The Chinese Nationalist Party (KMT) needs to be changed “from the root,” former Taipei mayor Hau Lung-bin (郝龍斌) and former Taipei County commissioner Chou Hsi-wei (周錫瑋) agreed yesterday.
In a 40-minute live-stream hosted on Chou’s Facebook page ahead of the party’s chairperson election on Saturday, the two men, who were interviewed while working in a garden, were asked whether weeding was “like reform.”
“Yes,” Chou said. “Change must start from the root.”
“When you are weeding, you must remove the roots,” said Hau, who has served as KMT vice chairman three times and is up against KMT Legislator Johnny Chiang (江啟臣) in the election.
“The same goes for reform. You have to solve the fundamental problem,” he said.
The KMT’s “fundamental problem” is its culture, and while some parts of it should be kept, others need to be changed, he said.
In the past, there was only “one voice” in the KMT — that of the chairperson, but the chairperson “is not a saint,” he said. “The party chairperson also makes mistakes.”
With a collective leadership that considers multiple opinions, there would be “few chances of making mistakes,” he added.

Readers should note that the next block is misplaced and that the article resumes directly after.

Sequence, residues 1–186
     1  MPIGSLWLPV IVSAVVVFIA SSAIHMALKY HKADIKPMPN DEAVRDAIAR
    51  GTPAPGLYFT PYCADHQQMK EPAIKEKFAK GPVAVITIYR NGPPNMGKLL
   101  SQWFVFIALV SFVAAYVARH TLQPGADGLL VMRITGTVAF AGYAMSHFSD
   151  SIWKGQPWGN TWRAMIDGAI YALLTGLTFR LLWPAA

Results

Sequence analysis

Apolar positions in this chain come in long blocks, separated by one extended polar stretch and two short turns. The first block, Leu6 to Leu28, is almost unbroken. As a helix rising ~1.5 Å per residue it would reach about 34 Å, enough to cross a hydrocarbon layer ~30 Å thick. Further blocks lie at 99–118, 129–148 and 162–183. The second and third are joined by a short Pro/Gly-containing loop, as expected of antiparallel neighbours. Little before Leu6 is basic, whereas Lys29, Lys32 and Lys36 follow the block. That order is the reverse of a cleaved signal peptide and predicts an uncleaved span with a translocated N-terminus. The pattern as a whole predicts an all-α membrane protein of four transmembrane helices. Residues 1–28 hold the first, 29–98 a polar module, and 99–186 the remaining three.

In an online interview on Saturday, Hau proposed the KMT post a representative to China.
Asked about former KMT Central Committee member Vincent Hsu (徐正文), whose party membership was suspended over suspicions that he altered the passenger list for the first charter flight of Taiwanese evacuated from Wuhan, China, last month, Hau on Saturday said that “all KMT members must safeguard the party’s image.”
“Those who act without authority and damage the party’s image should be disciplined,” he said.
Although the KMT is an opposition party, it would do its part to help Taiwanese living or working in China, so it “should have a party representative there,” he said.
The KMT also needed to tackle its public image of being “old and pro-China,” and should prohibit members from benefitting personally when handling cross-strait affairs, he said.
On the question of the KMT’s position on unification and independence, Hau said that “defending the Republic of China, opposing Taiwanese independence and rejecting the ‘one country, two systems’” framework proposed by China are the party’s core ideals.
The KMT lags far behind the Democratic Progressive Party in its social media presence, which could seriously limit its development unless something is done, he said.
Only by embracing social media could the party better connect with the public, particularly younger people, Hau said.
Saturday’s by-election is to select a successor to former chairman Wu Den-yih (吳敦義), who resigned following the KMT’s defeats in the elections on Jan. 11.
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